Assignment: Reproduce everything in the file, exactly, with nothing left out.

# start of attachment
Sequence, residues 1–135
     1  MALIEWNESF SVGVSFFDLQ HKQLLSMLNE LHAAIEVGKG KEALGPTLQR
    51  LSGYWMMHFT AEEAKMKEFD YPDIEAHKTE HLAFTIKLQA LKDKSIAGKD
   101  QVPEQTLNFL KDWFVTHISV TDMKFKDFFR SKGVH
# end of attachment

Sequence, residues 1–135
     1  MALIEWNESF SVGVSFFDLQ HKQLLSMLNE LHAAIEVGKG KEALGPTLQR
    51  LSGYWMMHFT AEEAKMKEFD YPDIEAHKTE HLAFTIKLQA LKDKSIAGKD
   101  QVPEQTLNFL KDWFVTHISV TDMKFKDFFR SKGVH